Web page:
The Rock Hill school board appears to be unwilling to spend $325,000 on a fancy new scoreboard for District Three Stadium, which is appropriate. Board members should be able to come up with a less expensive alternative.
The board decided in September to spend $1 million on artificial turf and a new scoreboard for the stadium. Of the total, $300,000 was designated for the new scoreboard, which would have a video screen that could provide instant replays of the games, and panels that would be rented to advertisers to earn revenue for the district.
The decision raised complaints from critics in the community who said the money should be spent on academic needs or district operations. But the issue was not that simple.
For one, this is surplus money that can be spent only on nonrecurring needs. That means the board is not free to use the money for programs that would entail salary expenses, equipment purchases or other annual expenses in the future. It must be used on a one-time-only expense.
Proponents of the turf-and-scoreboard plan also argued that, with ad sales, the investment ultimately would pay for itself.
Those arguments did not entirely quell the criticism. And the resurrection of this issue at a time when school districts across the state face cuts in state funding might ignite the debate again.
But board members appear determined to draw the line at spending more money than planned for the scoreboard. District officials informed the board this week that the cost of the scoreboard chosen by the district, plus the cost of installation, would be about $325,000 -- or at least $25,000 more than first budgeted.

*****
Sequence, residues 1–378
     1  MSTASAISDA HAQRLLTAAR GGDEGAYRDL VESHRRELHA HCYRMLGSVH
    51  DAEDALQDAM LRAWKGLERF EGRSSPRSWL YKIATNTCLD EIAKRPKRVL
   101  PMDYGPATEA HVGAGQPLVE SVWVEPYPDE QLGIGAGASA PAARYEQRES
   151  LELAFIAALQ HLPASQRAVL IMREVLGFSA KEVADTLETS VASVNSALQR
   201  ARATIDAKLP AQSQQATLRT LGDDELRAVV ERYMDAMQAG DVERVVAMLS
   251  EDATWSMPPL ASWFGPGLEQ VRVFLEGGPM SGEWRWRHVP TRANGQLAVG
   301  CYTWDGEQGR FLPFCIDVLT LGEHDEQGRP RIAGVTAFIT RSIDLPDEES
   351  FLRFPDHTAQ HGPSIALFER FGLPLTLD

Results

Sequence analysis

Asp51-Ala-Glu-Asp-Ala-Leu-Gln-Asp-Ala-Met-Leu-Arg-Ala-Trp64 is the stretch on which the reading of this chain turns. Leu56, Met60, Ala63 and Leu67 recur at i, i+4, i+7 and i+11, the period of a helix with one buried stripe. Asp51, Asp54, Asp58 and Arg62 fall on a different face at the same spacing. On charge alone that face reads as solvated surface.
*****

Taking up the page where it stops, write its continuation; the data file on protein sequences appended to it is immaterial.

Instead of paying the extra cost, at least five of the seven board members said they are leaning toward buying a more modest scoreboard. While they agree that the old scoreboard is worn out and a new one is needed, they don't need "the Cadillac" of scoreboards, as board member Walter Brown put it.
It does appear, however, that several board members favor keeping the advertising panels on whatever scoreboard they choose. That makes sense because advertising is the way the district would earn revenue to offset the cost of the new turf and scoreboard.
Board chairman Bob Norwood thinks it would take about a year to sell the ad slots on the scoreboard. But after contracts are in place, ad sales could significantly reduce the overall cost to the district.
Board members will weigh their options at a meeting on Monday. But they appear to be willing to set limits on the cost of the new scoreboard and settle for one with fewer bells and whistles while retaining the ad panels.
That, we think, is a reasonable approach, and we hope they stand fast when it comes to negotiating with the scoreboard manufacturer.